7 out of 22 'threatened' corals are in Florida Atlantic area, scientific agency says

National Oceanic and Atmospheric Administration added 20 more to list of 'threatened' coral species list, which had not been updated since 2006

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MIAMI - National Oceanic and Atmospheric Administration released a list of 20 more corals that are in danger of becoming extinct. The original list included only two coral species and had not been updated since 2006.

In the Florida Atlantic area, scientists added five more "threatened" species -- increasing the area's list to seven. Some of them live in other areas of the Caribbean -- including the Gulf of Mexico -- where UK-based BP and ConocoPhillips have made big bids for oil and gas exploration.

The ruling means that government agencies like the U.S. Army Corps of Engineers and the Environmental Protection Agency need to get permits and consult with NOAA if their work affects any of the corals listed. Two years ago, the agency's original proposal included 66 species -- but they narrowed their ruling down to 20.

"Public comments helped us refine the way we apply all the available information to determine vulnerability to extinction of each species considered," the agency said on the ruling announcement.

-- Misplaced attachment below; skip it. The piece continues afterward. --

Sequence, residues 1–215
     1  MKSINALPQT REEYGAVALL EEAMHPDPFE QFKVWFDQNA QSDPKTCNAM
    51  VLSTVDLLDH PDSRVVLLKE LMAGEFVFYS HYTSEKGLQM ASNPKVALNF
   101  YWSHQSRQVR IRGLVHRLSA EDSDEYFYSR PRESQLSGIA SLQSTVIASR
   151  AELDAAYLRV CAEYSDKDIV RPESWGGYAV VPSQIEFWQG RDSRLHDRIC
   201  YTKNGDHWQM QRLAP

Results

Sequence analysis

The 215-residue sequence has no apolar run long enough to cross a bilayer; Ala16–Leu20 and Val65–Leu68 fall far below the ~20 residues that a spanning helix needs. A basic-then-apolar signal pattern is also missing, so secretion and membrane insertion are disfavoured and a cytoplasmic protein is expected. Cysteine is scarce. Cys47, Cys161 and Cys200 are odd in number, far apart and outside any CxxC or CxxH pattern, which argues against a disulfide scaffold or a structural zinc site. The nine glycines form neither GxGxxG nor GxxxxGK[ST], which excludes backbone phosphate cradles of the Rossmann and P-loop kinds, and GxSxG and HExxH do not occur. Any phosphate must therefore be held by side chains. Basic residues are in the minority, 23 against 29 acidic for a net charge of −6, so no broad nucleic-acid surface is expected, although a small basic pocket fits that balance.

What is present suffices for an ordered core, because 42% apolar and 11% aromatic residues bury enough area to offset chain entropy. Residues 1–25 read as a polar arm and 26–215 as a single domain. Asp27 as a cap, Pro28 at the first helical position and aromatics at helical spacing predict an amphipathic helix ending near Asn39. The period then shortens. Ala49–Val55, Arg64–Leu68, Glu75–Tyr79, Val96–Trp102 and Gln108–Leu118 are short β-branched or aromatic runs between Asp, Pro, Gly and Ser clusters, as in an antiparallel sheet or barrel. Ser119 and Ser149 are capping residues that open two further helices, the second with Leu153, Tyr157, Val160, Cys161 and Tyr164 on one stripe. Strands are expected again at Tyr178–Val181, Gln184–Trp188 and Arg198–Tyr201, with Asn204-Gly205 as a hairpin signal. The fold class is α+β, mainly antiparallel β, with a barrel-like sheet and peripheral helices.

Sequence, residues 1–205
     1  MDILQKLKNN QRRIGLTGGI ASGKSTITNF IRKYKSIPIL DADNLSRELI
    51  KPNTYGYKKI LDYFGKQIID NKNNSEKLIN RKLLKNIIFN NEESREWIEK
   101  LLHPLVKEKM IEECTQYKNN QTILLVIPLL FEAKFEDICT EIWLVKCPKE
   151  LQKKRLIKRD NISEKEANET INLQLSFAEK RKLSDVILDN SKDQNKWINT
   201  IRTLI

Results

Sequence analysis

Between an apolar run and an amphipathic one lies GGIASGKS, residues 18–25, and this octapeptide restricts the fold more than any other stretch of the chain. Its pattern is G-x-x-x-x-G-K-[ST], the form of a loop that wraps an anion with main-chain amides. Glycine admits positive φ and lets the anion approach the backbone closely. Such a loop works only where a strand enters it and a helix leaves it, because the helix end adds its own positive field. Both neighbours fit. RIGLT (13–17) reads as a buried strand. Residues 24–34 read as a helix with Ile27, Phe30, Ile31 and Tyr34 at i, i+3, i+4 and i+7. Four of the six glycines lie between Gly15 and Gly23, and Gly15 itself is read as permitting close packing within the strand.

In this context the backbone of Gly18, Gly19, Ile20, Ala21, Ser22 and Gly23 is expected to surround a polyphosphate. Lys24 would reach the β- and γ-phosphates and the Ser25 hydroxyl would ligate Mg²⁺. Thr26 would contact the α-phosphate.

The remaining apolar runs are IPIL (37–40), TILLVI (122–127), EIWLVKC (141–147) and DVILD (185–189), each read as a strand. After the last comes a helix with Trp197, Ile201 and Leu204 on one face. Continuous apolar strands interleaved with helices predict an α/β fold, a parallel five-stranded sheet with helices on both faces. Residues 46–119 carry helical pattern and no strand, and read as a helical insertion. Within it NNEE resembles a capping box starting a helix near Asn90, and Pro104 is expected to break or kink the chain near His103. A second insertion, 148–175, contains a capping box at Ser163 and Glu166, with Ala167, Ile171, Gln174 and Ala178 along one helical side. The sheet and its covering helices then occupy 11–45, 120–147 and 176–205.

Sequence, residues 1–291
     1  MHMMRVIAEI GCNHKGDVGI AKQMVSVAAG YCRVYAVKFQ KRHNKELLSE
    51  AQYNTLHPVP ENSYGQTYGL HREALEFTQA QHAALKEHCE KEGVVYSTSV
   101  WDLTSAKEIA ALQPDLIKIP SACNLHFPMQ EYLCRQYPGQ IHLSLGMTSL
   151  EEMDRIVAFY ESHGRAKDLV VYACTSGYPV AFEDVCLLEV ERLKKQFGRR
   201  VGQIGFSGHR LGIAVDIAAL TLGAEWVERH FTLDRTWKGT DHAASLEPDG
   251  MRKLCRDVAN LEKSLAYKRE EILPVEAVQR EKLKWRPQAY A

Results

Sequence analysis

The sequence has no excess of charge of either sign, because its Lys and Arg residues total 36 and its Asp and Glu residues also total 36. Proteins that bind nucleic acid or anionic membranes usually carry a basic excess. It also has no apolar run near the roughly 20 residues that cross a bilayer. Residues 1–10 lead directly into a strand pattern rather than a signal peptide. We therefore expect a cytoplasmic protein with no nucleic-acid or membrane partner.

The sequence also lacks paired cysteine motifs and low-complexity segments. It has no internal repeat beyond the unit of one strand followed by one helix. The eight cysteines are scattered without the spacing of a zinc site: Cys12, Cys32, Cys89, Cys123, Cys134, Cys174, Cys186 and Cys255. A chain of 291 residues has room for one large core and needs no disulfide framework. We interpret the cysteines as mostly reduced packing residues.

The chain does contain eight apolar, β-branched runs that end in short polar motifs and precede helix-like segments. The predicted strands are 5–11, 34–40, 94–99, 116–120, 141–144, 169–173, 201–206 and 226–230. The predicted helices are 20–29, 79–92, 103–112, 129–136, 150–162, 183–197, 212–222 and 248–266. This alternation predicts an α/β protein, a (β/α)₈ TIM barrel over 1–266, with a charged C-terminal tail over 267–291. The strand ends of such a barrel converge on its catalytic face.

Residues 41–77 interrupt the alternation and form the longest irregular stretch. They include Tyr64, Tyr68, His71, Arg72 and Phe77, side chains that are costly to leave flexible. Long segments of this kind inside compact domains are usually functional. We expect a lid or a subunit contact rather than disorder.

Two Florida Atlantic corals -- the Elkhorn and Staghorn -- were the species listed eight years ago. On Tuesday night, the scientific agency added 20 more species that included three star corals, rough cactus coral and pillow corals.

The agency's ruling on corals in trouble also provides limited protection to 15 more species that live in the Pacific waters. This includes areas in remote islands like the American Samoa.

The agency also warns that coral reefs are critical to the health of marine ecosystems and that they have declined significantly world wide. Scientists say coral reefs are the rainforests of the sea and NOAA has estimated their economic value at $30 billion.

Some species, the agency reports, have declined by at lease 90 percent. Among the reasons for the damage were poor land-use practices, ocean acidification, and rising temperatures. In South Florida, fertilizer runoff continues to be a problem.

In Miami, the Department of Environmental Protection recently issued a warning letter to the U.S. Army Corps of Engineers. The letter warned that a PortMiami dredging project was creating a sediment smothering coral, the Miami Herald reported. Miami-Dade County reports said the project is essential to remain competitive with other ports due to the Panama Canal expansion.

LEGAL DEFINITION: The Endangered Species Act defines "threatened" as "any species which is likely to become an endangered species within the foreseeable future throughout all or a significant portion of its range."  People are still able to kill "threatened" species, but not "endangered," under the Marine Mammal Protection Act.

DOCUMENT | Download the NOAA report released this week

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